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America's Terrorist Training Camp

For the past 55 years it has been running a terrorist training camp, whose victims massively outnumber the people killed by the attack on New York, the embassy bombings and the other atrocities laid, rightly or wrongly, at Al-Qaeda's door.
I looked up "SOA Watch" referred to in Monbiot's article. There website is

Here Click

A good article linked at the site can be

Found Here

If you have time please visit my nonprofit website exposing the cancer racket.

Please Click Here
Thank you. Gavin.

What's the difference between Al

Qaeda and Fort Benning?


By George Monbiot. Published in

the Guardian 30th October 2001

"If any government sponsors the

outlaws and killers of innocents," George Bush announced on the day he began bombing

Afghanistan, "they have become outlaws and murderers themselves. And they will take that

lonely path at their own peril." I'm glad he said "any government", as there's one which, though it

has yet to be identified as a sponsor of terrorism, requires his urgent attention.

For the past 55 years it has been running a terrorist training camp, whose victims massively

outnumber the people killed by the attack on New York, the embassy bombings and the other

atrocities laid, rightly or wrongly, at Al-Qaeda's door. The camp is called the Western

Hemisphere Institute for Security Cooperation, or WHISC. It is based in Fort Benning, Georgia,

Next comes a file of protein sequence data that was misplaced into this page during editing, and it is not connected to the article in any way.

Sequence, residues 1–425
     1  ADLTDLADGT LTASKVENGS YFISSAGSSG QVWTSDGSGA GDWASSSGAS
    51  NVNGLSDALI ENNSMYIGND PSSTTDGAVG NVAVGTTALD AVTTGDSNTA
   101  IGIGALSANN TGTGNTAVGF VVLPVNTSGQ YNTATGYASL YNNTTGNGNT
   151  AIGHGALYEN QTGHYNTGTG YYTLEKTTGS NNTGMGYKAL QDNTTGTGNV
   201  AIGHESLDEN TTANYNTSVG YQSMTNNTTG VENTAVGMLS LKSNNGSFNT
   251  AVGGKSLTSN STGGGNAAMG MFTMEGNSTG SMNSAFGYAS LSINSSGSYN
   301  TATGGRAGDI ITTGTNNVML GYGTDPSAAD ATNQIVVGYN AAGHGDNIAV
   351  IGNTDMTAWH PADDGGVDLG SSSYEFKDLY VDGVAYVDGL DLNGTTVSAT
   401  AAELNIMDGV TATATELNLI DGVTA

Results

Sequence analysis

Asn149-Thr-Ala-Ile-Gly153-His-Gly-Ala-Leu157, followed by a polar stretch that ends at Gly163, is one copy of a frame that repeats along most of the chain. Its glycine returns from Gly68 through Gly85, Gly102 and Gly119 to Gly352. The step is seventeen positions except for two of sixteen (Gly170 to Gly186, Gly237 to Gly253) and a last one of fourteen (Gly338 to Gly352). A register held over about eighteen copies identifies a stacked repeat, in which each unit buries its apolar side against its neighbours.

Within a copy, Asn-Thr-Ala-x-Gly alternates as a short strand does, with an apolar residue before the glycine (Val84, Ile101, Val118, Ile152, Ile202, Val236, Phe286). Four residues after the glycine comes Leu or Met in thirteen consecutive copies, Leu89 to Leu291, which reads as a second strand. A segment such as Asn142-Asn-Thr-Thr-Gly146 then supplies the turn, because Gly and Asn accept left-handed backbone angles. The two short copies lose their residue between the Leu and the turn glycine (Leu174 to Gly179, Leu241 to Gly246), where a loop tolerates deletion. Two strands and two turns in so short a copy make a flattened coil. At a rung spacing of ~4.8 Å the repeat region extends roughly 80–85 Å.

and it is funded by Mr Bush's government.

Until January this year, WHISC was called "the School of the Americas", or SOA. Since 1946

SOA has trained over 60,000 Latin American soldiers and policemen. Among its graduates are

many of the continent's most notorious torturers, mass murderers, dictators and state terrorists.

As hundreds of pages of documentation compiled by the pressure group SOA Watch shows,

Latin America has been ripped apart by its alumni.

In June this year, Colonel Byron Lima Estrada, once a student at the school, was convicted in

Guatemala City of murdering Bishop Juan Gerardi in 1998. Gerardi was killed because he had

helped to write a report on the atrocities committed by Guatemala's "D-2", the military intelligence

agency run by Lima Estrada with the help of two other SOA graduates. D-2 coordinated the

"anti-insurgency" campaign which obliterated 448 Mayan Indian villages, and murdered tens of

thousands of their people. Forty per cent of the cabinet ministers who served the genocidal

regimes of Lucas Garcia, Rios Montt, and Mejia Victores studied at SOA.

In 1993, the United Nations Truth Commission on El Salvador named the army officers who had

committed the worst atrocities of the civil war. Two-thirds of them had been trained at the

School of the Americas. Among them were Roberto D'Aubuisson, the leader of El Salvador's

death squads; the men who killed Archbishop Oscar Romero; and 19 of the 26 soldiers who

murdered the Jesuit priests in 1989. In Chile, the school's graduates ran both Augusto Pinochet's

secret police and his three principal concentration camps. One of them helped to murder Orlando

Letelier and Ronni Moffit in Washington DC in 1976.

Argentina's dictators Roberto Viola and Leopoldo Galtieri, Panama's Manuel Noriega and Omar

Torrijos, Peru's Juan Velasco Alvarado and Ecuador's Guillermo Rodriguez all benefitted from the

school's instruction. So did the leader of the Grupo Colina death squad in Fujimori's Peru; four of

the five officers who ran the infamous Battalion 3-16 in Honduras (which controlled the death

squads there in the 1980s) and the commander responsible for the 1994 Ocosingo massacre in


All this, the school's defenders insist, is ancient history. But SOA's graduates are also involved

in the dirty war now being waged, with US support, in Colombia. In 1999 the US State

Department's report on human rights named two SOA graduates as the murderers of the peace